But there is an assumption in the resolution that a neat and clear line could be drawn in the Chinese countryside between limited demands like rent reduction and a more throughgoing land reform effort. As we saw in our episodes on the development of peasant organizing in Guangdong and on Mao’s tour of Hunan in early 1927, which would be episodes 37, 38, 39, and 41, even limited demands by peasant associations quickly led to armed conflict with landlords and their militias, which directly raised issues of who controlled local governance, and ultimately the land, in the countryside. This was indeed one of the main reasons that Mao gave for why the peasant struggle was the path for revolution in China, as we discussed in episode 39 and which is a point we will be coming back to as Mao’s peasant war gets underway.
There was just no way to draw, in practice, a hard and fast line between moderate demands in the countryside and more radical demands, when even moderate demands led directly to armed confrontation with landlord forces. Unless the Guomindang government could exercise greater control over local landlords, which it couldn’t, or Communist peasant organizers could exercise greater control over peasants who had been unleashed to struggle for their livelihoods, which they also couldn’t do, the forces unleashed by this reform process in China’s countryside would spiral into a confrontation in which either the landlords or the peasants would triumph.
In April 1927 Mao, who supported a more thorough land reform policy, captured the unrealistic nature of the policy adopted at the December 1926 Central Committee meeting during a meeting of the Guomindang land committee:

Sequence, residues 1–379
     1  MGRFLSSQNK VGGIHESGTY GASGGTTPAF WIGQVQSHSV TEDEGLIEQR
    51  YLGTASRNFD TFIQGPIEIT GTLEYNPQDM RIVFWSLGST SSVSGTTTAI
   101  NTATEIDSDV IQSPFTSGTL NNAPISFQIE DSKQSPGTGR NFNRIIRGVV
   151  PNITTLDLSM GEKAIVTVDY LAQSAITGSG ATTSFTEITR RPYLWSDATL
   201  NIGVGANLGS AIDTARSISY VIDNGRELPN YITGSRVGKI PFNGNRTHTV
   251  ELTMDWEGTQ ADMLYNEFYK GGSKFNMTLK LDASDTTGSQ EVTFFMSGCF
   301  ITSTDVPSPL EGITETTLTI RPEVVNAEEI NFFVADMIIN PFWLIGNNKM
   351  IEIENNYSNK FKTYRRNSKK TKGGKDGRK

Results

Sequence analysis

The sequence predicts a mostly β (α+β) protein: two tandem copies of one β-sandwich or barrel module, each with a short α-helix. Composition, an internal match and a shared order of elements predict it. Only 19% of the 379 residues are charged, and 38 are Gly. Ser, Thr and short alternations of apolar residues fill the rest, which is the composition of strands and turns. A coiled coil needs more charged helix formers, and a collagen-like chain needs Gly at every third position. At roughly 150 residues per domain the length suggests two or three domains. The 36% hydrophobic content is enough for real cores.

“What we call land confiscation consists in not paying rent; there is no need for any other method. At the present time, there is already a high tide of the peasant movement in Hunan and Hubei, and on their own initiative the peasants have refused to pay rent and have seized political power. In solving the land question in China, we must first have the reality, and it will be alright if legal recognition of this reality comes only later.”
Mao was describing how disputes over rent had led to rent strikes and to conflicts in which landlords had been run off. A de facto land reform had occurred in that peasants who once rented land now controlled that land themselves. There was, in practice, no real way to both engage in peasant organizing and to limit that organizing in the way that was envisioned in the Central Committee resolution. Despite the fact that the Central Committee resolution declared that “land has not yet become a problem,” and that the problem only existed in “research offices,” the reality was exactly the opposite.
In Mao’s “Report on the Peasant Movement in Hunan,” which was written in February 1927, there is a famous passage that reads:
“[A]ll criticisms directed against the peasant movement must be speedily set right, and the various erroneous measures adopted by the revolutionary authorities concerning the peasant movement must be speedily changed. Only thus can the future of the revolution be benefited. For the present upsurge of the peasant movement is a colossal event. In a very short time, several hundred million peasants in China’s central, southern, and northern provinces will rise like a fierce wind or tempest, a force so swift and violent that no power, however great, will be able to suppress it. They will break through all the trammels that bind them and rush forward along the road to liberation. They will, in the end, send all the imperialists, warlords, corrupt officials, local bullies, and bad gentry to their graves. All revolutionary parties and all revolutionary comrades will stand before them to be tested, to be accepted or rejected as they decide. To march at their head and lead them? To stand behind them, gesticulating and criticizing them? Or to stand opposite them and oppose them? Every Chinese is free to choose among the three, but by the force of circumstances you are fated to make the choice quickly.”
The policy adopted by the Communist Party at the December 1926 Central Committee meeting was exactly what Mao criticized here as “standing behind them, gesticulating and criticizing.”
Alright, that’s it for now. See you next episode. And please remember, if you enjoyed this episode or learned something from it, that ratings and reviews can help other people to discover this podcast.